Back again I am! But this time, I won't just be ranting and raving. Time for some serious stuffs!
I have given a lot of thought on why I dislike so many MMORPGs, and in doing so I have finally found the one MMORPG that I truly and absolutely love! So this here letter will first include my really well thought out opinion on the current MMO market, and will end with something of a review for that one MMORPG I do like! Mind you, I have no experience in reviewing games, so it may not be up to a good standard.
Oh dear. This is one doozy of a letter. I've got my chips just in case I need a snack on this journey. Maybe I should get a sandwich, too.
I Êsaid it before, but I really hate how so many people really donÕt ÒroleplayÓ their characters. For me personally, that is a real turnoff. If I enter a fairytale world of knights and wizards, I reallyÉ. REALLY donÕt want to run Sephiroth666, King Sausage and Emperor Egghead, whoÕs only comments are ÒDeath Sword, 400 GC ONLY!! FTW!! NO NOOBZ!!!Ó and things like that.
Really, if you think about it, they shouldnÕt even call these games MMORPGs. TheyÕre more like adventure games anyway. MMOAG would be a better term for it. There is no motivation to go on quests other than the experience points and the stronger equipment, so you can eventually bash other playerÕs characters, and of course the fun you can have questing with your friends or guild buddies, which is fine, if you like that sort of thing, but it is not role playing. It is merely creating an avatar, giving it a nickname, and fight alongside or against other playerÕs avatars. It doesnÕt matter if you play a Human Paladin or a Tauren Fighter in terms of how you interact with other people. You can be a Paladin and get away with throwing around rude, or at least crude, comments. You can also be a very polite Tauren Warrior. It doesnÕt matter, because that is not the main focal point of the game.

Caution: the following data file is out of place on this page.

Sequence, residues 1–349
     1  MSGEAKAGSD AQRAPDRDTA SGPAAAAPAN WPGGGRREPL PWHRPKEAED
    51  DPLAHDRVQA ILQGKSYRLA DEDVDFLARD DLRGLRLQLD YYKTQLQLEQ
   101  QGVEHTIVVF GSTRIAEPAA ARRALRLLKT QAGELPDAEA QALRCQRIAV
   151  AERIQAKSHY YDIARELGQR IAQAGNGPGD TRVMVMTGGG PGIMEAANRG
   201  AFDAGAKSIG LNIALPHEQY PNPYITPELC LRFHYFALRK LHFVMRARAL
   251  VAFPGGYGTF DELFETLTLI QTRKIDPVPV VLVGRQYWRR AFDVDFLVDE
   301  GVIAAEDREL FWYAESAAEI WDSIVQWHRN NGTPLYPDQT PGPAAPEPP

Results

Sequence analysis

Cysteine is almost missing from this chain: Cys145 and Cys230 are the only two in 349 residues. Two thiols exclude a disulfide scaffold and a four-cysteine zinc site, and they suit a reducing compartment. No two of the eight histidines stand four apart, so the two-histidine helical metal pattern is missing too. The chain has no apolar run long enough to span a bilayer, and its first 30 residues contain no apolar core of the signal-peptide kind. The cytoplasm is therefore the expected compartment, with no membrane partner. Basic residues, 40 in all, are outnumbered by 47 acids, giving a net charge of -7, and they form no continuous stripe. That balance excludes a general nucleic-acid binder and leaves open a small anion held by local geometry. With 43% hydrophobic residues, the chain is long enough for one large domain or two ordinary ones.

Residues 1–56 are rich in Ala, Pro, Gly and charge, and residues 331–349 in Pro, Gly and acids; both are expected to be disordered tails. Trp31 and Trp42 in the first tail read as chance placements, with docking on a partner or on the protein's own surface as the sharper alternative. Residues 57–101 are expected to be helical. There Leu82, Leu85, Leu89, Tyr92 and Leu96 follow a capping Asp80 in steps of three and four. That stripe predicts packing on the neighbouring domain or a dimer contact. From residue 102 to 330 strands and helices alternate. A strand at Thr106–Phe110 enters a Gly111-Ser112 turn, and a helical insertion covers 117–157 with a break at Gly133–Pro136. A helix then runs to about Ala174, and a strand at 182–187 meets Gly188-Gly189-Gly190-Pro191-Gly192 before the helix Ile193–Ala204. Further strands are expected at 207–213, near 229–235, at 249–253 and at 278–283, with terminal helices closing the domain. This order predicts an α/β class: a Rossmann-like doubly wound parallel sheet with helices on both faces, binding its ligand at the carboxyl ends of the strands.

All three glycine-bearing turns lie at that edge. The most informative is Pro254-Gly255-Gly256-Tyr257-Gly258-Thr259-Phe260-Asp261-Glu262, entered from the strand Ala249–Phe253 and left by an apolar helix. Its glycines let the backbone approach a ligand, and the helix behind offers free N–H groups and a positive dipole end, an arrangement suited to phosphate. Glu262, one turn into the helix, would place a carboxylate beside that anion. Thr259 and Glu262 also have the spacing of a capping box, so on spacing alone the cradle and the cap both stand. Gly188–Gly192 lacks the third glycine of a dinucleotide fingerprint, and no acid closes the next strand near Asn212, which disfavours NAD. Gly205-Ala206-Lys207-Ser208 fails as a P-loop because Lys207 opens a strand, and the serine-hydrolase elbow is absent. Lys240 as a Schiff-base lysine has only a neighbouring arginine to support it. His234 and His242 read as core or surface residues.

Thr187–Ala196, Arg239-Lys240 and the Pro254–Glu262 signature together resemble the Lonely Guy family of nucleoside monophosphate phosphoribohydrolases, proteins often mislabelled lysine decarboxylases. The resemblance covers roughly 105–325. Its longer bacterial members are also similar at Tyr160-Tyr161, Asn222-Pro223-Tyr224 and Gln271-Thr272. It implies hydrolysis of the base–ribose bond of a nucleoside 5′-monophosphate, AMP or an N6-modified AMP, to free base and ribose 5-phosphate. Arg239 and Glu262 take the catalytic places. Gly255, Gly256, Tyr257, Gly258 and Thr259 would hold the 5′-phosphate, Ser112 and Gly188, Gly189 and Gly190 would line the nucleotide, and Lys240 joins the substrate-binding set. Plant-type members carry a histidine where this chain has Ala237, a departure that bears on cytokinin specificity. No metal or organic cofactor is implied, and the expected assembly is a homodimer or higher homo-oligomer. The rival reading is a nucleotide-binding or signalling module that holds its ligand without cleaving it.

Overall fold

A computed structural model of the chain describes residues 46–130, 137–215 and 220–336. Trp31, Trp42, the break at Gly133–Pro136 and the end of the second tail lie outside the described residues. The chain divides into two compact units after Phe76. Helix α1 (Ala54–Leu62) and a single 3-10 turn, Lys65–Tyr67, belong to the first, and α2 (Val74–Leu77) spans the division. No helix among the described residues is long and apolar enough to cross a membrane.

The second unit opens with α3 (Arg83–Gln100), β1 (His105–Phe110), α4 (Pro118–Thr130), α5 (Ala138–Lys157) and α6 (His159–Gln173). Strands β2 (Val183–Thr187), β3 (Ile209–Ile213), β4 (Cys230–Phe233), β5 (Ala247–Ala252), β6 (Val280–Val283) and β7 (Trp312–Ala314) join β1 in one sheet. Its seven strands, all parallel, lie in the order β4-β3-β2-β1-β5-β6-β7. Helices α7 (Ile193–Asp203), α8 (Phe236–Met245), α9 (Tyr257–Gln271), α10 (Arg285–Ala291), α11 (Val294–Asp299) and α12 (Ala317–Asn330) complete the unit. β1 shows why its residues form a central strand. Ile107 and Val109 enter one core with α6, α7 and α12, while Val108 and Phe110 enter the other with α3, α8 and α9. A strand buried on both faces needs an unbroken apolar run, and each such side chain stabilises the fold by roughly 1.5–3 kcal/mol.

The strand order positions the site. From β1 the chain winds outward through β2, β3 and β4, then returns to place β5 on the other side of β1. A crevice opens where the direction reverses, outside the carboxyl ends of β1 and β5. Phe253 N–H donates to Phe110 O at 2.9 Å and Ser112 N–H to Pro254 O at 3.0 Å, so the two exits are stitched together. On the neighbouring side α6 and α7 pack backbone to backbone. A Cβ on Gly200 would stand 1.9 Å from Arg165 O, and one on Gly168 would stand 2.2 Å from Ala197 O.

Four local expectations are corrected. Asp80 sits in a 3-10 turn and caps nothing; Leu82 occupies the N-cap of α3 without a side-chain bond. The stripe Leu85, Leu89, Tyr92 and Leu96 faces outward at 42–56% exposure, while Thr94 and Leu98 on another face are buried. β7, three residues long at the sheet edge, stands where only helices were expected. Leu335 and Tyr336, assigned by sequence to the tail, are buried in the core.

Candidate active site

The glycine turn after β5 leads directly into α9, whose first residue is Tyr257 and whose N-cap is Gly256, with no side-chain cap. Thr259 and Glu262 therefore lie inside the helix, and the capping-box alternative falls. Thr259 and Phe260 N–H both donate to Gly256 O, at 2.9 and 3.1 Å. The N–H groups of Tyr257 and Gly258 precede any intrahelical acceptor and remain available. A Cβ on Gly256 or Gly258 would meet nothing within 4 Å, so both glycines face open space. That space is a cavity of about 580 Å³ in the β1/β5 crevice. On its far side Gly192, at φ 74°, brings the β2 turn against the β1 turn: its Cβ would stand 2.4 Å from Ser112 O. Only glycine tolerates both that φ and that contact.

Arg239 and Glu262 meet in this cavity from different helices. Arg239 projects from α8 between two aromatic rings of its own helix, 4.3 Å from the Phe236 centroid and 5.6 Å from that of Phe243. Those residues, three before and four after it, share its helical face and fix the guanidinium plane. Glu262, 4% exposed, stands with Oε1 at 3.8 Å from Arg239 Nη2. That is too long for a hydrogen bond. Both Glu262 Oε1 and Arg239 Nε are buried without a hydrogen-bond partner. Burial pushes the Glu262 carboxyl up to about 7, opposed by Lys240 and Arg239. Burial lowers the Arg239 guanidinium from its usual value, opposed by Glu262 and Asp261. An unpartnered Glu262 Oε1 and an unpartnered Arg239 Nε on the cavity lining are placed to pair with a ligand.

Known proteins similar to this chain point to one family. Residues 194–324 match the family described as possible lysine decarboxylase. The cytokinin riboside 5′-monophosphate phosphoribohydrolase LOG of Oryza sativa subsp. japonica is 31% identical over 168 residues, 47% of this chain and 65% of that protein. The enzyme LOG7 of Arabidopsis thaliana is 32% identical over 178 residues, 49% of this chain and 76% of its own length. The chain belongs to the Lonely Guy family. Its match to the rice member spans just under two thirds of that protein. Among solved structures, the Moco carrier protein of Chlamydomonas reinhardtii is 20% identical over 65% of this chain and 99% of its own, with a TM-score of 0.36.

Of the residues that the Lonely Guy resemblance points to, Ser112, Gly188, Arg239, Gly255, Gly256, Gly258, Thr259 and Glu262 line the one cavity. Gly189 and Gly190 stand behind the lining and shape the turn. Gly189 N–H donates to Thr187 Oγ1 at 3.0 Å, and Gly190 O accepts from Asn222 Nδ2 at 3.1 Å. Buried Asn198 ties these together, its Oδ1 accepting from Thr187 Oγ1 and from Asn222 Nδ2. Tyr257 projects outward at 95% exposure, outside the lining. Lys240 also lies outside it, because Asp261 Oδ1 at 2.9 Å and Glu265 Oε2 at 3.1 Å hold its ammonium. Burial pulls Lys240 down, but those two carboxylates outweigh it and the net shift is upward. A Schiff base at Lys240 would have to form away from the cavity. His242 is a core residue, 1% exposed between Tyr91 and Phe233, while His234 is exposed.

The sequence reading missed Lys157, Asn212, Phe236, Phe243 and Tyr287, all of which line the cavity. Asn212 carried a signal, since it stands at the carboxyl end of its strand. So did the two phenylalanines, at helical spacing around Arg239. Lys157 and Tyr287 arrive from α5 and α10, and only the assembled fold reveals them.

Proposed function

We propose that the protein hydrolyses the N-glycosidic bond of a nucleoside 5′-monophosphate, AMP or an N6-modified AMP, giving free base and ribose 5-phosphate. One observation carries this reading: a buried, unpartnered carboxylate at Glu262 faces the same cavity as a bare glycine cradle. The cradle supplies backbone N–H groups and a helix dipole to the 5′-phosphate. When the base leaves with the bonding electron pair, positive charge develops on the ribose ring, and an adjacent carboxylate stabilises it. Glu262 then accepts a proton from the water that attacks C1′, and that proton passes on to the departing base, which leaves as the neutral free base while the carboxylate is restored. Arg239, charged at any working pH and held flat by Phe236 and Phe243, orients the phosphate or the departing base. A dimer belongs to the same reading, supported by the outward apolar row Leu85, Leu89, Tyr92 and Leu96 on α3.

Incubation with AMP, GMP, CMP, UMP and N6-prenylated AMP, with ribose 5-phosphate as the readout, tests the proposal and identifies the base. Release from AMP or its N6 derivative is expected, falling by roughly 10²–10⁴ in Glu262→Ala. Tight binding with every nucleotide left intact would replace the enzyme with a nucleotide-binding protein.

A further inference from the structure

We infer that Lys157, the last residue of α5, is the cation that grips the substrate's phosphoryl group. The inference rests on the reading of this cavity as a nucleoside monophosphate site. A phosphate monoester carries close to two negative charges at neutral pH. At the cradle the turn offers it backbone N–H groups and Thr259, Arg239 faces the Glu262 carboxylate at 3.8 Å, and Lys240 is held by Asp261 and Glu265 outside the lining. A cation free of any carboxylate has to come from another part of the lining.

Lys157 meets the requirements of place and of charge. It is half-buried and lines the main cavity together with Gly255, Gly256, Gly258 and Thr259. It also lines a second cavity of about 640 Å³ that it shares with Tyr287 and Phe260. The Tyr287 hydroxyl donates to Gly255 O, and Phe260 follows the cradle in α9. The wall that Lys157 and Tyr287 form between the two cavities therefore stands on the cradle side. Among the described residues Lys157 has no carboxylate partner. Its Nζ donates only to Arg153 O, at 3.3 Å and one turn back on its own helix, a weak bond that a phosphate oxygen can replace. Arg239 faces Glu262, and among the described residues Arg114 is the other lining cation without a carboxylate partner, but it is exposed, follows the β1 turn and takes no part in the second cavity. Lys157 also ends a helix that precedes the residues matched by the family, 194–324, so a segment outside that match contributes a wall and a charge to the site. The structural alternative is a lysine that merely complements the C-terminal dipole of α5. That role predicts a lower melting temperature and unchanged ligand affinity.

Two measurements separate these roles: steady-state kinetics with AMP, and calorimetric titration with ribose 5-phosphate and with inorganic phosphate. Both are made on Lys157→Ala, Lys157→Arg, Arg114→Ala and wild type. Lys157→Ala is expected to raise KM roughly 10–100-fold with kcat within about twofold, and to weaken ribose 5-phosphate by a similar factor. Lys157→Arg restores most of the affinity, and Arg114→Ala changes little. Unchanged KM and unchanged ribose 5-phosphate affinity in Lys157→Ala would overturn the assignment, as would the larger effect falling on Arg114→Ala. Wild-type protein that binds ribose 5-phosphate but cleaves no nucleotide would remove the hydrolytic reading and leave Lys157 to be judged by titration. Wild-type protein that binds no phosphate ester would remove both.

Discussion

ItÕs like calling Grand Theft Auto a racing game, just because you can drive cars in it. And now I am using the characters from World of Warcraft as an example, but it goes for most MMORPGs. The main point of these games is to have fun with other players in an environment that resembles a fairytale land, but doesnÕt really require your character to be a real part of that environment or act as if he is in such a land. It doesn't require you to play a part.
MMOAGs just doesn't have the extremely wordy ring to it that MMORPG does, though. There's something to be said for that. Besides, what part of a turn-based RPG requires actual playing of roles? Mostly, it's watching scenes and playing the role of tactician in battle.
Like I said, all this is fine with me. Apparently a lot of people like playing that way. ItÕs more light-hearted fun, and less about a serious story. Thankfully Blizzard even capitalizes on that concept, since they have a fantasy rock band that even sings a song about one of their not so serious players Leeroy Jenkins, and they have this silly cartoon about some of their main antagonists. I really shouldnÕt complain about WOW. ItÕs just not my cup of tea. On the other hand, another big MMO, Guild Wars, does try to be serious, and even there I find players who play the game in a way that kind of ruins it for me. Again, I really shouldnÕt complain and just not play the game. I have given away my account to someone who can appreciate this way of playing.